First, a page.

Friday, November 21, 2014

Flower Power - Nigella Damascena / Love-in-a-mist

I met Love-in-a-mist, Nigella damascena, an annual flowering plant in the Ranunculaceae family that originates from Southern Europe, North Africa and Southeast Asia, a few years ago. It was the 'free pack' of seeds I received with a larger seed order from Baker Creek Heirloom. I scattered the seeds in one of our raised beds and forgot about them until the following year when they decided to sprout on their own. The flower itself is gorgeous and once established it didn’t need much water. Which seemed to be the case for many after reading the reviews on Baker Creek's website. When found in its native habit it grows in neglected soil. I've seen folks go back and forth on whether or not the seeds of this particular variety are edible, but Nigella sativa, damascena's cousin in the one that has edible healing seeds known as black cumin. 

Nigella damascena seed pod. 
Nigella damascena's cousin Nigella sativa, I discovered when trying to ID the two, has great healing properties found in its seed that date back centuries! First recorded use dates back to the Egyptians and it's known as the 'Seed of Blessing' in Arabic cultures.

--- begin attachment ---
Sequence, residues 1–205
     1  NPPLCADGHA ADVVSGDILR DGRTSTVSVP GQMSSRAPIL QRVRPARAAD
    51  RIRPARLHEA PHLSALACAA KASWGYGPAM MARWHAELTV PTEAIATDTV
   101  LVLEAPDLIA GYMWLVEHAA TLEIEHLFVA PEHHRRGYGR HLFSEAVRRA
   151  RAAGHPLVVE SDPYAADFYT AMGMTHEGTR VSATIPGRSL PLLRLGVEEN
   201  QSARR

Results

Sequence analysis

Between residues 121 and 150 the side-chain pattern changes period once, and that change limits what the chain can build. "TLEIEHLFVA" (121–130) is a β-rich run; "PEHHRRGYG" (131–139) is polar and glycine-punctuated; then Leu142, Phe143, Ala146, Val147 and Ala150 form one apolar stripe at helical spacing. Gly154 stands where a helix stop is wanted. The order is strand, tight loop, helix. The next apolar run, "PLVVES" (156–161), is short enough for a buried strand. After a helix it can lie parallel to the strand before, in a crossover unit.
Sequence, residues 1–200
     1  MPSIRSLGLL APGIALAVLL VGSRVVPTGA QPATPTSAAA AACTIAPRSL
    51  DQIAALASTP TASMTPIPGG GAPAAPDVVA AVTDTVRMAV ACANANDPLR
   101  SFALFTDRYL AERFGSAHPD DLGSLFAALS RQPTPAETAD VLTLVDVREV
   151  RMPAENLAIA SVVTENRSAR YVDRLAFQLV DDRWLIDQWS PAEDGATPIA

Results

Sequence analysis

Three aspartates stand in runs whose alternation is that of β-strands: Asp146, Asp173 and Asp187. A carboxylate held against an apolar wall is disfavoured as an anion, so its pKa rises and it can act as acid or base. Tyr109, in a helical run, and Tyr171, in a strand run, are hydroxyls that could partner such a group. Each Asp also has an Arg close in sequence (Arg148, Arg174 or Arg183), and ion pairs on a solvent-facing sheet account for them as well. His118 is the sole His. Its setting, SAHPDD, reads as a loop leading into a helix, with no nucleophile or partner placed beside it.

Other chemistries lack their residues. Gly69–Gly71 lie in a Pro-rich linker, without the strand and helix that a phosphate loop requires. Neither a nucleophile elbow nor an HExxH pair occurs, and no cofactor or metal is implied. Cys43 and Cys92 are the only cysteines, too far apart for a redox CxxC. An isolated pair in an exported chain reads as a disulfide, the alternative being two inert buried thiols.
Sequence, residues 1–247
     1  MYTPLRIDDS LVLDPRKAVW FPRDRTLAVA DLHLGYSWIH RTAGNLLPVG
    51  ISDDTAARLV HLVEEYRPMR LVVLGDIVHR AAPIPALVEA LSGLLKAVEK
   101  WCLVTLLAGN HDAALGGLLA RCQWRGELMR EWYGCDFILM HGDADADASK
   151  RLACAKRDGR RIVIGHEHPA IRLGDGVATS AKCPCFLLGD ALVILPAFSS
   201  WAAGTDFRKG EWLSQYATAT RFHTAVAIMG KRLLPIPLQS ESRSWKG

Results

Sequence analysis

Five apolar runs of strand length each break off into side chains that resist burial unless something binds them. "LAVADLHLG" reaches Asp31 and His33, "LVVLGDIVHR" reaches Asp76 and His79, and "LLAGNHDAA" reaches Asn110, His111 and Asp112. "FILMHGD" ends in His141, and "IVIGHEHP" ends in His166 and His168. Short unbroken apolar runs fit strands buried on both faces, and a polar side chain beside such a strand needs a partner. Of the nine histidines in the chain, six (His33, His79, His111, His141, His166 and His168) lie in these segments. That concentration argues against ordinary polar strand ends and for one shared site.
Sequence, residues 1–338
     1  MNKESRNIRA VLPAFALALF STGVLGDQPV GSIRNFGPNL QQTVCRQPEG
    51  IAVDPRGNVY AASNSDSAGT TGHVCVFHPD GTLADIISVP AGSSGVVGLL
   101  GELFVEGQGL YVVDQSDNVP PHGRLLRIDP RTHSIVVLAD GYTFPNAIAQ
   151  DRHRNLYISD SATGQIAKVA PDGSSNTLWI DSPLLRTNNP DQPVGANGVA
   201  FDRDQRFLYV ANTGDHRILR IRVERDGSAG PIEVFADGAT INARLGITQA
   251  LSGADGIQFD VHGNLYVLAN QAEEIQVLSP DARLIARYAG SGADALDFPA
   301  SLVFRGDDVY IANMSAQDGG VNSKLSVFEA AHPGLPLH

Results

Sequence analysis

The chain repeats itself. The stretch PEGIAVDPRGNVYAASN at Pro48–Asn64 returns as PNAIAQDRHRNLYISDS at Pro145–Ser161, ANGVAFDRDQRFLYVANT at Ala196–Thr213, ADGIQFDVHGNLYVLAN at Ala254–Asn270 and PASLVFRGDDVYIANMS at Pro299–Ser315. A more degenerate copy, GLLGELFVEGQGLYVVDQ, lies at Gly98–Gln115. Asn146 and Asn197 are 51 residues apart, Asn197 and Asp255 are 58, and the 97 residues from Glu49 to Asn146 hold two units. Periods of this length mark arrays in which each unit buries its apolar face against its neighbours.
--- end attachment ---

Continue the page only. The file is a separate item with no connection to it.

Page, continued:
"There is healing in black seed (al-habbah al-sawdā) for all diseases except death" - Arab Proverb

Black cumin which is Nigella Sativa's seeds, produces secretion of insulin from the pancreas and helps balance out the sensitivity of insulin in skeletal muscles, liver cells and also increases glucose uptake by muscular tissues. The phytonutrient, thymoquinone is the key factor in black cumin’s glucose-lowering effect. This is just one of many healing actions. 
          Wikipedia Image

Black cumin has a much more subtle flavor than brown cumin. It carries a fennel aroma and sweeter caraway flavor. Black cumin is used in Northern Indian, North African and the Middle Eastern dishes. It's often added to chutneys, curries, meat dishes, rice dishes, breads, and yogurt to give you an idea of how to incorporate it into your diet. 

And now back to Nigella damascena. She was slow to start but proved to be resilient with little to no water. Her flowers will stop you in your tracks but pollinators don't seem to care much for her. I have seen a few parasitic wasps hanging around her petals. The dried flower pods are so very pretty and look darling in bouquets are as decor. I used some of mine as gift-wrapping decor. Of course I would decorate with plants! 

You can purchase Nigella damascena seeds through Baker Creek, here

You can purchase Nigella sativa seeds through Horizon Herbs, here


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